Improving Shocker baseball is mostly about recruiting. By keeping Kemnitz, the message is changing head coaches will inject youth and enthusiasm into the process and help recruiting.
All-MVC teams are not a perfect way to judge talent. The conference season is a small sample size and sometimes votes are hard to explain. It is revealing that in the past two seasons, WSU has three first-team picks (Johnny Coy in 2012, Tyler Baker and Brandon Peterson in 2013). That is fewer than Illinois State (11) and Missouri State (5) and the same as Bradley, Southern Illinois and Indiana State.
WSU needs those numbers to change and every spot on that coaching staff, Shocker family member or not, must be maximized to find talent.
A loyal Wichita State fan, and a loyal Gene Stephenson fan, e-mailed me the resume of Mike Gillespie, the coach at Cal Irvine.
Stephenson might want to give him a call.
Gillespie coached Southern Cal from 1987-2006. He “retired” shortly after Wichita State swept the Trojans in a three-game series at Eck Stadium near the end of the 2006 season. While the Trojans played in a super regional in 2005, they missed out on NCAA play in three of his final four seasons.
Gillespie took a season off and took over at Cal Irvine (one year removed from beating WSU in the 2007 super regional) in 2008. He got Irvine back to a super regional that season, and again in 2011. The Anteaters posted winning seasons in 2012 and 2013, but didn’t make a regional. In six seasons, Gillespie is 233-119 with four NCAA trips.
Not too bad for a guy Southern Cal didn’t want. The Trojans are on their third coach since pushing Gillespie out and have yet to return to an NCAA regional.
The Beatles didn’t last. One Direction can’t go on forever. Even Bruce Springsteen needed time away from the air-conditioner-shaking, history-making, legendary E Street Band. Stephenson, 67, says he wants to coach again. Maybe getting out of WSU and finding one or two new assistants coaches to work with will provide a good change. Maybe he finds a school with good weather, plenty of local talent and a conference schedule that doesn’t require eight-hour bus trips. Maybe it energizes him and he finds the right place and the right people to work with and revives his hall-of-fame career.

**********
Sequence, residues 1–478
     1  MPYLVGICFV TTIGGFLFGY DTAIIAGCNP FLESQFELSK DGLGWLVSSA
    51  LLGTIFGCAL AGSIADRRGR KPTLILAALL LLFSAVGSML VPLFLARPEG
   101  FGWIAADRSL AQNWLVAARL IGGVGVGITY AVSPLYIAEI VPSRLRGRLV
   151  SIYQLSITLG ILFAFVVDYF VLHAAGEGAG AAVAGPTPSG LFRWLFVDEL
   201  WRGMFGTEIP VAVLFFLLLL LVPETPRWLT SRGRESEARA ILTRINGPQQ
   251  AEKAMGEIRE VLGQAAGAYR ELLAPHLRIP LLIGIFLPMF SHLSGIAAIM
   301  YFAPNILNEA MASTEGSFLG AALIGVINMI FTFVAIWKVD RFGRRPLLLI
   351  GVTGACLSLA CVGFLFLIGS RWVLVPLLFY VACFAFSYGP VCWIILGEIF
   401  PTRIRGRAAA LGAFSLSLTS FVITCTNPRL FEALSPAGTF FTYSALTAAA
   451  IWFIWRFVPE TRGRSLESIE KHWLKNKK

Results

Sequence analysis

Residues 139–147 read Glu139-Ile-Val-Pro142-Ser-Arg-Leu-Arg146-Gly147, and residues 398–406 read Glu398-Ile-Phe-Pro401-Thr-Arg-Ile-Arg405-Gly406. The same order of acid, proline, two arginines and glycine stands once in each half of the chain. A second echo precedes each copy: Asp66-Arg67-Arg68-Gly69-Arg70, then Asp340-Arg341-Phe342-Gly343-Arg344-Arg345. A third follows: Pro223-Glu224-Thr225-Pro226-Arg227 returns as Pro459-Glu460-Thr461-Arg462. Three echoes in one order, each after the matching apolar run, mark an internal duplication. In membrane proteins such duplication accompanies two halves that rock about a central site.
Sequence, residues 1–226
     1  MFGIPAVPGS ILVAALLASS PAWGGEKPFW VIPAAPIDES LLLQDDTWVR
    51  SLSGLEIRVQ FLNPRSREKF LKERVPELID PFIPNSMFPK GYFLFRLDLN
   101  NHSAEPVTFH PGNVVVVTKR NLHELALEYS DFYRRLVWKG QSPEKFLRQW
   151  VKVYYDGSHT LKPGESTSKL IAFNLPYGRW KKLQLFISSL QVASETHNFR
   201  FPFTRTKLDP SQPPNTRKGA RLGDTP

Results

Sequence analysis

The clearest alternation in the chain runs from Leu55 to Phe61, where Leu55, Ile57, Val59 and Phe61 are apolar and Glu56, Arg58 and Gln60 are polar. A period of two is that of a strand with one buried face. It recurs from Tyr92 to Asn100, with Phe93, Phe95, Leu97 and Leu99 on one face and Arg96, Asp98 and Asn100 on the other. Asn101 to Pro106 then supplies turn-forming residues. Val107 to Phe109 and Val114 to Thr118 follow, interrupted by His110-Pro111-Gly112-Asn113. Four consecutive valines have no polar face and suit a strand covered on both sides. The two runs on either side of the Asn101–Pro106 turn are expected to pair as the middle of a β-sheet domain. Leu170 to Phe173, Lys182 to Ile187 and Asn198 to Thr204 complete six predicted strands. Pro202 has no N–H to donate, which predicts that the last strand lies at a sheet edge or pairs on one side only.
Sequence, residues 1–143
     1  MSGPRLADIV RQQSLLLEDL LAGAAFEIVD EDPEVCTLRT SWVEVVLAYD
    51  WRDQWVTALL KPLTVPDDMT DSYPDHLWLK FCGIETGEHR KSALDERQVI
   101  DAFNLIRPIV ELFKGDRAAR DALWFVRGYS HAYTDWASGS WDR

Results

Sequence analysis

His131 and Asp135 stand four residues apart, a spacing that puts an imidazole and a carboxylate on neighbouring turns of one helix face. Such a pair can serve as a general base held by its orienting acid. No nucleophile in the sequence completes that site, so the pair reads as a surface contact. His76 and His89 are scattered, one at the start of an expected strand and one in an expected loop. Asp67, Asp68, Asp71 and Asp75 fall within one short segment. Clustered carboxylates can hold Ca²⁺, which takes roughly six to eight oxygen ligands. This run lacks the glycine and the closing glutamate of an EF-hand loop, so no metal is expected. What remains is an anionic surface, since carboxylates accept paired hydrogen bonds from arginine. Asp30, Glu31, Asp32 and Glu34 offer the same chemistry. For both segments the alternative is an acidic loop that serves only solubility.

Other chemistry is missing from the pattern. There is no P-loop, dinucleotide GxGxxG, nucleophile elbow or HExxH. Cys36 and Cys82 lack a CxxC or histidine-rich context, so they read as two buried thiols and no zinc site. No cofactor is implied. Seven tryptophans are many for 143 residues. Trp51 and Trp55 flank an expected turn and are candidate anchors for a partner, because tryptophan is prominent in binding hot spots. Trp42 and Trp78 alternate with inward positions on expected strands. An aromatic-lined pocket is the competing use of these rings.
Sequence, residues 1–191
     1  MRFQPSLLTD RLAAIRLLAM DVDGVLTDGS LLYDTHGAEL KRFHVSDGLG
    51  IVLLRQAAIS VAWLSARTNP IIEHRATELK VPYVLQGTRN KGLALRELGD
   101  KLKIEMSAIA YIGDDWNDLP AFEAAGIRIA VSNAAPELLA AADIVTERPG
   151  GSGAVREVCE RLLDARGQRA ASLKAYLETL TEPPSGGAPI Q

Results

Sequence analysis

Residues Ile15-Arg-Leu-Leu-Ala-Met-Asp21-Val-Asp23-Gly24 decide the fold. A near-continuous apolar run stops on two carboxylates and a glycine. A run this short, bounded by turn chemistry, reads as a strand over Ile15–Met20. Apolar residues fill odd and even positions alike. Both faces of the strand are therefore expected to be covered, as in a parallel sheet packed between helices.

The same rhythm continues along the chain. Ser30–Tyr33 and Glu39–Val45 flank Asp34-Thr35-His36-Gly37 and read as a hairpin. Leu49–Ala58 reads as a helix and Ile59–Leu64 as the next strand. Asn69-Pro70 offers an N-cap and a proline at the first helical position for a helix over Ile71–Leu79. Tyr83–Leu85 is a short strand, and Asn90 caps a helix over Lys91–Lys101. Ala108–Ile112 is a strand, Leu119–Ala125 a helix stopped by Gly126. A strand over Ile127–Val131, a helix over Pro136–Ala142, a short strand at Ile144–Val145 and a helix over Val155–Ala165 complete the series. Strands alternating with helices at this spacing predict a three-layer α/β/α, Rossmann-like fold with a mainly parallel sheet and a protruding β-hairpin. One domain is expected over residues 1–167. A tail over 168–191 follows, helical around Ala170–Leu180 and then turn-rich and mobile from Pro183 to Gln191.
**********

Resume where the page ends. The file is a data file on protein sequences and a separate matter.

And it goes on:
It won’t be easy. He will most likely take a step back in prestige and salary. Not every school wants to take on a 67-year-old with big ideas and high standards. He must convince somebody he still has the energy and want-to to ride buses, recruit and deal with players. Gillespie proved it’s possible.
As the story of Gene Stephenson’s final season unfolded over the past four months, my overwhelming emotion was sadness. In February, I wrote a story about the school’s unwillingness to offer him an extension and it became clear that things were headed this way.
Well before WSU won the MVC Tournament last month, athletic director Eric Sexton looked Read More »
Not much. Like everybody else, they are playing a waiting game.
Wichita State signed 10 players in November and I talked to four on Tuesday, none of whom had been contacted by anyone from WSU. All indications, following a Monday meeting, are that coach Gene Stephenson is on his way out after 36 seasons. Pitcher Reagan Biechler, from Colorado Springs, talked to a current Shocker, who told him to hang tight and see how things worked out. Read More »
Scores: Kansas State 20, WSU 11; Arkansas 3, WSU 1
Record: WSU 39-28
Coverage from The Wichita Eagle/Kansas.com
Video interview with Gene Stephenson, Brad Hill and Johnny Coy
Scores: Southern Illinois 5, Wichita State 1; WSU 11, Creighton 4; WSU 15, SIU 0 (7); WSU 5, Indiana State 0; WSU 5, Indiana State 4; WSU 5, Illinois State 2
Key stats: The two shutouts on Thursday (by Garrett Brummett/Zach Beringer against SIU and Kris Gardner against Indiana State) made everything possible. The Shockers totaled 24 straight scoreless innings by Friday and still had plenty of pitching left for Saturday. College baseball, with the BBCOR bats, rewards teams that don’t make mistakes and the Shockers played flawless, sometimes spectacular defense and didn’t commit an error. Meanwhile, DH Johnny Coy hit .391, homered and drove in eight runs to supply punch in the middle of the order missing much of the season. The starters, with top-shelf efforts from A.J. Ladwig, Brummett, Gardner and Albert Minnis, handed it back to Elam on Saturday for his seven strong innings.
Record: WSU 39-26
Next up: NCAA selection show, 11 a.m. Monday (ESPNU)